Wiegand S, Meier D, Seehafer C, Malicki M, Hofmann P, Schmith A, Winckler T, Földesi B, Boesler B, Nellen W, Reimegård J, Käller M, Hällman J, Emanuelsson O, Avesson L, Söderbom F, Hammann C
Nucleic Acids Res. 42 (5) 3330-3345 [2014-03-00; online 2013-12-24]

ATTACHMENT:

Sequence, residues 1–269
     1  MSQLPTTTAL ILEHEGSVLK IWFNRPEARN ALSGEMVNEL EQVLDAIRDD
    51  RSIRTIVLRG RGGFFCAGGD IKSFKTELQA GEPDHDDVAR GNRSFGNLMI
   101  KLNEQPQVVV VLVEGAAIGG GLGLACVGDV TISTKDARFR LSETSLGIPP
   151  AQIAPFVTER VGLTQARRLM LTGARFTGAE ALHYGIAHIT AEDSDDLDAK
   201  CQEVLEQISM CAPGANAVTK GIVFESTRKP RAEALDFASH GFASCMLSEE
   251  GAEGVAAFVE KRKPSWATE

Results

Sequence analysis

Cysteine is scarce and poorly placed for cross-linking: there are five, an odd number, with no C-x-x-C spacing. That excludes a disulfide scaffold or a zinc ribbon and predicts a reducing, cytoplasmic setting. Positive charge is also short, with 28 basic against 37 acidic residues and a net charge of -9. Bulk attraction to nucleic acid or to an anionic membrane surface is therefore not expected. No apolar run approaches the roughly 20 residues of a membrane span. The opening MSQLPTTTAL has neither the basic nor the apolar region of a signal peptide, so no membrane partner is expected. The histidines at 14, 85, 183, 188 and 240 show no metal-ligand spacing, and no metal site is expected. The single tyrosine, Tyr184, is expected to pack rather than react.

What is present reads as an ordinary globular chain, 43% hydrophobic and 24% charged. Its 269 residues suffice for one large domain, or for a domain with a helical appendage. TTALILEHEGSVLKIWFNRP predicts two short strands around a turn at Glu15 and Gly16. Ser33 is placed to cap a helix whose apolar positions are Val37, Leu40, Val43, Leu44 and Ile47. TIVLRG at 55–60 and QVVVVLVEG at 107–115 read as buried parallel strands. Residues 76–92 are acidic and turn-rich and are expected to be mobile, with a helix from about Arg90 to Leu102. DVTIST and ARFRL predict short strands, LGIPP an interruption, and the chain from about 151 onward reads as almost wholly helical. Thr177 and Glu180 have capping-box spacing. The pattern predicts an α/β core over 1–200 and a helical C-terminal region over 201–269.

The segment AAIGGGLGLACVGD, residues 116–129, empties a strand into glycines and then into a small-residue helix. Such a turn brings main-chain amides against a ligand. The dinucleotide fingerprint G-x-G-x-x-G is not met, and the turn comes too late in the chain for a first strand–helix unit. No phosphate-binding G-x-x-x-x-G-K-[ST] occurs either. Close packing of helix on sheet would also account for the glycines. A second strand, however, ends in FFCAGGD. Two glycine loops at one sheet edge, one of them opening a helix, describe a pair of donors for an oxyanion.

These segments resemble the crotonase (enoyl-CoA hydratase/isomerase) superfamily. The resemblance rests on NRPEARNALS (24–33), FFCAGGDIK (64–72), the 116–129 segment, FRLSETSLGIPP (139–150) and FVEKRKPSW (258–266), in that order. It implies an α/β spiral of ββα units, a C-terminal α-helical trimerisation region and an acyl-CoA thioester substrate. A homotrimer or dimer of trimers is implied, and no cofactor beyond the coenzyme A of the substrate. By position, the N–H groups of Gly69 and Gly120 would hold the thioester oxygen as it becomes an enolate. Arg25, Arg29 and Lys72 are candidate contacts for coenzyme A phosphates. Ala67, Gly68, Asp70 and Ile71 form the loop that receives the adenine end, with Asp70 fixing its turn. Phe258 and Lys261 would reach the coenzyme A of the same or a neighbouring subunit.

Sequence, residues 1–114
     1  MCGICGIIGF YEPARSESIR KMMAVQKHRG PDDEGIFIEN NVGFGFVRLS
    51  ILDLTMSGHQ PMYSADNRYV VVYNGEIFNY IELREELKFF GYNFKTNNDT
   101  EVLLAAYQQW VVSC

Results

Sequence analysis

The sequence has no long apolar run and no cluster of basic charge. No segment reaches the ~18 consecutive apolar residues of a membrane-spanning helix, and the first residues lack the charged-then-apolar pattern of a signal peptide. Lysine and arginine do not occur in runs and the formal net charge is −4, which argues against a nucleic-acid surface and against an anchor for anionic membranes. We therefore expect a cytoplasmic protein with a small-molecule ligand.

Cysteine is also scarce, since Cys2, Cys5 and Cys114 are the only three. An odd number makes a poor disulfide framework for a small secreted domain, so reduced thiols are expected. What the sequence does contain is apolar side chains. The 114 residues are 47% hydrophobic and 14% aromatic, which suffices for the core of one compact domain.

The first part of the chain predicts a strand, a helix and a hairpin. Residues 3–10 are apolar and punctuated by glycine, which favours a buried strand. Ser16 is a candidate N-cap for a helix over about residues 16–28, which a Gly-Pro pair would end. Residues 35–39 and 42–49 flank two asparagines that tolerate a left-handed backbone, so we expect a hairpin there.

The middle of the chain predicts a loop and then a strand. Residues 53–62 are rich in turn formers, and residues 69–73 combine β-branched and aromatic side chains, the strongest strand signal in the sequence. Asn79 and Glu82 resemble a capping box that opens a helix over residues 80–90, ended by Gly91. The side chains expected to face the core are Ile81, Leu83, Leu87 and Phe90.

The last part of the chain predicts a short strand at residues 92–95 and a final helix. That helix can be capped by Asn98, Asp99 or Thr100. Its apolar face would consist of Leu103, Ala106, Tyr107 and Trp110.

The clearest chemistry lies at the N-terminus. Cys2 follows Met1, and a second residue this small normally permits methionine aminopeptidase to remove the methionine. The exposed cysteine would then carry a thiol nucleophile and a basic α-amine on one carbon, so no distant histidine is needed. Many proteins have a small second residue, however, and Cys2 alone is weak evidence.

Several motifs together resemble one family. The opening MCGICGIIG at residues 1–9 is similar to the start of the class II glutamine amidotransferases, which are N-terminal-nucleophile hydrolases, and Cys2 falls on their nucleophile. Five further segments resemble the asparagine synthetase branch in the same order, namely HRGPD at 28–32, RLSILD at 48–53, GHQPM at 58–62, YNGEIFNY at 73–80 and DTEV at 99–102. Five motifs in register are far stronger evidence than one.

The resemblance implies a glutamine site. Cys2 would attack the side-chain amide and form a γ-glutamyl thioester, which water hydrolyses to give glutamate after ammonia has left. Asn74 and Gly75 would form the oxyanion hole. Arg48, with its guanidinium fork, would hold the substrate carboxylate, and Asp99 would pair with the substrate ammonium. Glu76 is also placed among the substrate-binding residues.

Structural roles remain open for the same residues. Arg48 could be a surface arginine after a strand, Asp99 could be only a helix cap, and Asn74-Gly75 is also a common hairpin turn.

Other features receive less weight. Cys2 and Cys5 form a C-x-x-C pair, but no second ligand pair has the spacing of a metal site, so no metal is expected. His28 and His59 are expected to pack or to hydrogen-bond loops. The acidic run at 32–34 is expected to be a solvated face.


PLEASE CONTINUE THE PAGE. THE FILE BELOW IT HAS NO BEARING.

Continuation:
Dictyostelium intermediate repeat sequence 1 (DIRS-1) is the founding member of a poorly characterized class of retrotransposable elements that contain inverse long terminal repeats and tyrosine recombinase instead of DDE-type integrase enzymes. In Dictyostelium discoideum, DIRS-1 forms clusters that adopt the function of centromeres, rendering tight retrotransposition control critical to maintaining chromosome integrity. We report that in deletion strains of the RNA-dependent RNA polymerase RrpC, full-length and shorter DIRS-1 messenger RNAs are strongly enriched. Shorter versions of a hitherto unknown long non-coding RNA in DIRS-1 antisense orientation are also enriched in rrpC- strains. Concurrent with the accumulation of long transcripts, the vast majority of small (21 mer) DIRS-1 RNAs vanish in rrpC- strains. RNASeq reveals an asymmetric distribution of the DIRS-1 small RNAs, both along DIRS-1 and with respect to sense and antisense orientation. We show that RrpC is required for post-transcriptional DIRS-1 silencing and also for spreading of RNA silencing signals. Finally, DIRS-1 mis-regulation in the absence of RrpC leads to retrotransposon mobilization. In summary, our data reveal RrpC as a key player in the silencing of centromeric retrotransposon DIRS-1. RrpC acts at the post-transcriptional level and is involved in spreading of RNA silencing signals, both in the 5' and 3' directions.